“Journalism is chores”–so wrote Norman Mailer in The Faith of Graffiti. His problem is largely a formal one; conventional journalism so often tends towards the programmatic, which is perhaps a symptom of the journalistic compulsion to tell “the truth,” that to get anywhere at all it became necessary for him to spell out all of the untruths: his biases, his prejudices, his underlying motives, even his modus operandi for writing. This makes sense. For a journalist to write with any depth of feeling, it’s pointless for him to pretend that “I” doesn’t exist (the irony with conventional journalism is that it often doesn’t). Moreover, it betrays the possibility for honest discourse. Certain agendas might be disagreeable–right. But hidden agendas are toxic, and journalism is chores.
Supposedly, objectivity does not mean impartiality, but rather means having a natural bias towards truth. At least, that’s the idea. For Mailer, who was not content to hide his hand, this was “one of the great lies of all time.” His belief was that objectivity is an elaborate construction, and with the heft of his personality endeavored to let us know exactly who he was and where he came from, situating himself bang in the center of the page, where any self-respecting journalist was not traditionally expected to divulge his or her own interests.
Appropriating the stylistic devices of literary fiction, he sometimes referred to himself in the third person, as a novelist would. Other times he used pseudonyms, to the effect of creating distance between himself and the character on the page, which many found intolerable then and many more find intolerable now. As far as Mailer was concerned, he was smashing atoms, and indeed the whole gestalt is unmistakable. But all he was doing was experimenting with the form.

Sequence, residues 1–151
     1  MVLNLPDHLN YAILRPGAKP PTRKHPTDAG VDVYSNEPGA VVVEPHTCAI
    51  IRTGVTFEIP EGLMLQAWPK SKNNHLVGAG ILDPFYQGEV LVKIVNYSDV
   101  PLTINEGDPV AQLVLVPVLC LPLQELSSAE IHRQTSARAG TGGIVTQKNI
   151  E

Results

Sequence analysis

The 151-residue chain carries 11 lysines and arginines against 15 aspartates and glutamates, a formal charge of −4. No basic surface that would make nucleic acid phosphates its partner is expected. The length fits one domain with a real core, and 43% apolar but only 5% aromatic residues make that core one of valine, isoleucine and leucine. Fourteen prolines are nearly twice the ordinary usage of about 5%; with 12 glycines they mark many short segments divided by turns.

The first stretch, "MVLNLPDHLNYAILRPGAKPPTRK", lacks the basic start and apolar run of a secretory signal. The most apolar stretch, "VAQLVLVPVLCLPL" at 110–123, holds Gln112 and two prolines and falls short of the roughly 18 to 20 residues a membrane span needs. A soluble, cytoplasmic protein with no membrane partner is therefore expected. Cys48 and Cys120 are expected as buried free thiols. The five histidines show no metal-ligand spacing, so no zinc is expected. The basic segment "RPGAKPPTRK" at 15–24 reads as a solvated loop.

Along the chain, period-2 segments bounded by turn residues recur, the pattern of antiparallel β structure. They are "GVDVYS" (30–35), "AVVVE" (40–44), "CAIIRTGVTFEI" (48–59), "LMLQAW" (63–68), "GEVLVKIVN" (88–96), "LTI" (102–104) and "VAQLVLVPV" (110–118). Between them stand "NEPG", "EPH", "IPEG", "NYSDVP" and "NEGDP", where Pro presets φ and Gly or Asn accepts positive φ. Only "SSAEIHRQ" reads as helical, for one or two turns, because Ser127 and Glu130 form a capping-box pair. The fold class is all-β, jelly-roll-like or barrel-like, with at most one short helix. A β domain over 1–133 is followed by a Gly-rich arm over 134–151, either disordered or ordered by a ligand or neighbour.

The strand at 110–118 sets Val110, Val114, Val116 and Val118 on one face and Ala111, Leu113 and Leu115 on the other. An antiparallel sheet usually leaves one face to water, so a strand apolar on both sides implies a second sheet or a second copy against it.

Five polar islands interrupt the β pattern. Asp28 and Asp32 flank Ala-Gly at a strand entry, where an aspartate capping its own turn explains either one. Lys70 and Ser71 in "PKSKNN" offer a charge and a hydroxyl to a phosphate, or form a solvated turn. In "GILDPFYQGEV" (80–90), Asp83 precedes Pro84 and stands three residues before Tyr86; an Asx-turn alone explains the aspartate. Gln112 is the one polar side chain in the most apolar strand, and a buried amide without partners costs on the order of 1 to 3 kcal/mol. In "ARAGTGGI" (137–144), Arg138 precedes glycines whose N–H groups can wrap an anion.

Readers willing to permit Mailer’s highly subjective style confront a bigger problem: Mailer himself. Capitalising on the success of his first novel in 1948, “the nice Jewish boy from Brooklyn” quickly transformed into a narcissistic blowhard. Life became an endless parade of television appearances. He fought, he fucked, and in 1955 he co-founded the Village Voice, where he actively challenged readers to stop reading, almost on a weekly basis. When it came for him to promote his third novel, The Deer Park, he took out a half-page advertisement using $127.50 of his own money, in which he quoted from his worst reviews. However, it was during the sixties when he truly earned his reputation, and the decade that started with the stabbing of his second wife using a two-and-a-half inch penknife, ended with his second unsuccessful campaign for Mayor of New York. In a nutshell, the man was unbearable. But back to the art.
But if only it were all so simple! For at some point it becomes impossible to separate the man from the art. The fantastically ambitious, ideologically messy, violent public life he never lived down colours much of his work, and helped shape many of the defining features of his trademark style: the macho veneer, the stratosphere of ego, metaphysical flights of fancy and existential world view. Though it did not please him to admit it, it’s a style better suited to his nonfiction, where it pays to know why John F. Kennedy was an existentialist hero. The twist is in having it read like fiction, the journalist seemingly capable of extricating the inner dimensions of his subjects, insights that are usually right on the nose. Nevertheless, there’s something to be said for the novelist.
End of Part One